I Can’t Feel The Way I Did Before

Twenty years ago I was sixteen, still a few years off from even comprehending what twenty years felt like. Every responsibility I have now was merely a pipe dream. Kids? Wife? Mortgage? I couldn’t begin to imagine how far away these concepts were back then. In 2003, my primary concern was getting a driver’s license. I was a suburban kid full of all of that teenage angst and disillusionment toward the world around me. I internalized every negative thought and interaction, feeling as though only I could see the cracks in the suburban façade. Linkin Park was practically handing me a tract for whatever they were preaching. Their debut album, Hybrid Theory, was my obsession. I gravitated toward their extremely catchy hooks and melodies. When they announced their second studio album, Meteora, was coming in March of 2003, it was the most important thing in my life. I had favorite musicians and bands prior to them, but no act had fully overtaken me like Linkin Park did at that time.

But as I found out- time doesn’t stop. And the only constant is change.

For those of us privileged to grow old, the passing of time can feel like spiritual surgery. We leave pieces of ourselves here and there along a time line. The knee you hyperextended when you slipped on ice healed over time, but never completely. You slept weird one night and your neck has never felt the same since. In February of 2003, I sprained both of my ankles. By the time lefty had healed after I played basketball in oxford shoes, I managed to overcompensate stepping on a curb with righty. I hadn’t sprained anything prior to then, and I haven’t done so since. They were simply two anomalies that happened almost simultaneously. So naturally, any time I feel the weather change in either of those joints, I’m pulled ever-so-briefly into the winter of 2003.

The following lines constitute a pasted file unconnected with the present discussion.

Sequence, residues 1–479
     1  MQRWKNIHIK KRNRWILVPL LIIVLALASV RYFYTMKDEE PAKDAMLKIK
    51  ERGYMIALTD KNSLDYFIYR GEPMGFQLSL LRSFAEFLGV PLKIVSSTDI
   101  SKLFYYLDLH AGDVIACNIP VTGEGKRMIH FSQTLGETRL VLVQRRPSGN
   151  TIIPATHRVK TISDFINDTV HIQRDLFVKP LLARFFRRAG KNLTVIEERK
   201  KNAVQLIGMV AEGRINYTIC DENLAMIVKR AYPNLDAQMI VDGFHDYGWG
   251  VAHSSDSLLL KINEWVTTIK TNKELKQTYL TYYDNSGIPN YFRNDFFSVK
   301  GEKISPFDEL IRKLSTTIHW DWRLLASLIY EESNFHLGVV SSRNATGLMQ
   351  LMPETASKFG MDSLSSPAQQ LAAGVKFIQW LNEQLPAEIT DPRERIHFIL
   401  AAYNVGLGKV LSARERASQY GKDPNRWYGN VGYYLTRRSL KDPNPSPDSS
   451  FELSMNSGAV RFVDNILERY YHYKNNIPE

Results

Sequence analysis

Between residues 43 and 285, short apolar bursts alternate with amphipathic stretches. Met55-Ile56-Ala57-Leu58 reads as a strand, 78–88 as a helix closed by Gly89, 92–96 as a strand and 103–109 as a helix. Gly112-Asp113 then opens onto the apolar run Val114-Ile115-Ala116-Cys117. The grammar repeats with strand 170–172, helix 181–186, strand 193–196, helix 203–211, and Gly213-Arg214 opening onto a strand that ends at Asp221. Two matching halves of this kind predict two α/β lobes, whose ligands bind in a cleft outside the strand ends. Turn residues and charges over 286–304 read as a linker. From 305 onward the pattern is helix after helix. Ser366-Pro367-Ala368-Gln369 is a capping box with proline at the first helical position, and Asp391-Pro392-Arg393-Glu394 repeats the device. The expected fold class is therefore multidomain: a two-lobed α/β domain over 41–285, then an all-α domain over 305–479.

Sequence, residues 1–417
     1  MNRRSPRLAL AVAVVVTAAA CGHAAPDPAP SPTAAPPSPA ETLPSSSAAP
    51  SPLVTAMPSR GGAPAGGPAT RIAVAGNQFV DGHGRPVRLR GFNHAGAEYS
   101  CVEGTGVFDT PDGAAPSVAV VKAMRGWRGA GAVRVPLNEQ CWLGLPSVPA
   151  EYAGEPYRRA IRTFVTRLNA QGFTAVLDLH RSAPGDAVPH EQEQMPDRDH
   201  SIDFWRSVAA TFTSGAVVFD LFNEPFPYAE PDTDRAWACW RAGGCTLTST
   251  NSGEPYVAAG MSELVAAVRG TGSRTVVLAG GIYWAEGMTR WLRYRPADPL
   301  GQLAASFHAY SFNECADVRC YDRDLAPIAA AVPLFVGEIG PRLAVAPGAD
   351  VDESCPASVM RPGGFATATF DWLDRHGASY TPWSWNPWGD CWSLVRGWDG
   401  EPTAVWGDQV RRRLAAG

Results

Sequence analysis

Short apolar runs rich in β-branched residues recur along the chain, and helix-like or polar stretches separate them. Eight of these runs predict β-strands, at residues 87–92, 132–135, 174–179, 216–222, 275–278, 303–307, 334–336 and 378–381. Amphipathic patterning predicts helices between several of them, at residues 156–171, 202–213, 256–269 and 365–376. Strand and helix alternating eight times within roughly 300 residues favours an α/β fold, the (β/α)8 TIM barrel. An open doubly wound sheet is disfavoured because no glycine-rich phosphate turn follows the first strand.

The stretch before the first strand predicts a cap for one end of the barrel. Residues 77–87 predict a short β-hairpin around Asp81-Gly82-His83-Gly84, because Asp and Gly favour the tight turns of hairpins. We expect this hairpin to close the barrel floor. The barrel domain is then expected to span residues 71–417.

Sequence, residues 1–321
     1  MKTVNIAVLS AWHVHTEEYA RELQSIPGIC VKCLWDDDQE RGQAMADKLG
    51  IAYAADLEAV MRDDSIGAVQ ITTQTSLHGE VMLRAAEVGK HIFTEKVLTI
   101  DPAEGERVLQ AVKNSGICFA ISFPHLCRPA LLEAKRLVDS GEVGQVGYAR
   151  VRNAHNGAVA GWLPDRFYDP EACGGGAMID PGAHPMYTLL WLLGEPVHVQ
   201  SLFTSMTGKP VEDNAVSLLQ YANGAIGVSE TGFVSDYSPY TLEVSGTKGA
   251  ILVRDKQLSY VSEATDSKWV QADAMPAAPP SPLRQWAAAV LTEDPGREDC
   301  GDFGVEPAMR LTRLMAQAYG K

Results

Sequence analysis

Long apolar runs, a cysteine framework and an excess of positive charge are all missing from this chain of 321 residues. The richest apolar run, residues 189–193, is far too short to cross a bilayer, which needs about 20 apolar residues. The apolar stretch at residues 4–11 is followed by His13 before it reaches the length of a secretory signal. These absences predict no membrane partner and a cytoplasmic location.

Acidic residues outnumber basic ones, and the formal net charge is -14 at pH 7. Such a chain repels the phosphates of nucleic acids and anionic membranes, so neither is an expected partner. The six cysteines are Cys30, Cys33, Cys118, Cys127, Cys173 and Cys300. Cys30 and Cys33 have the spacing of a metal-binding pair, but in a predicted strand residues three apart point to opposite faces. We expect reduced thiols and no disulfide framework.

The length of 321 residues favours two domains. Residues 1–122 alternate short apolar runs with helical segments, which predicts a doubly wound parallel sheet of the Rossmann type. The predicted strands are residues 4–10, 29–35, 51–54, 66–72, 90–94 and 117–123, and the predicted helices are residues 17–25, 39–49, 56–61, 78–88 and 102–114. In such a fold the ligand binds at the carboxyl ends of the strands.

I remember hearing “Somewhere I Belong”, the lead single from Meteora on the radio. I knew it was going to debut on Q101, Chicago’s “alternative” station, on February 24. The benefit of being homeschooled in my high school years was that I could structure my day around things other than school. In this case, listening to the radio for a few hours. I had a cassette tape queued up for the moment. Recording off of the radio was still one of the most efficient ways to have a particular song readily available.

I had to keep it down, as my stepdad sometimes worked from home, often set up at the kitchen table or our home computer in the next room. So when the moment came, I pressed play/record on my stereo and turned the volume up to the loudest appropriate volume. The song was like nothing I had ever heard before. It was everything I hoped it would be. The reversed playback of… some instrument?? The slow build up to the signature layered, heavy guitars. The perfect balance of Chester Bennington singing and Mike Shinoda rapping. The even heavier bridge. I was so happy, I forgot about my ankle and stood up. Pain shot up my right leg, sending me to the ground. It felt like I had re-injured the ankle, but the serotonin rush of my favorite band… ***MY*** favorite band putting out a new song was stronger than that.

A month later, the album was out. I had GREATLY overestimated the band’s appeal. I vividly remember preordering the deluxe edition at Coconuts, then telling my best friend that I didn’t think there would be any of that version for him when my stepdad drove us there to pick it up the morning of the release. Despite debuting on the Billboard charts at number one, selling over 800,000 copies that first week, those deluxe editions were on shelves for many years. They actually outlived the Merrillville, Indiana Coconuts store itself, which closed up shop in the mid-aughts.

Within two years, I was too grown and too cultured for Linkin Park. Kanye West’s The College Dropout had helped redraw my music tastes dramatically. I got into more layered and “conscious” music. I mean, that happens in college, right? Listen to pretentious music and pretend to be too enlightened for commercial stuff. Even my tendencies toward pop music shifted to artists who made songs that mattered, whatever that meant.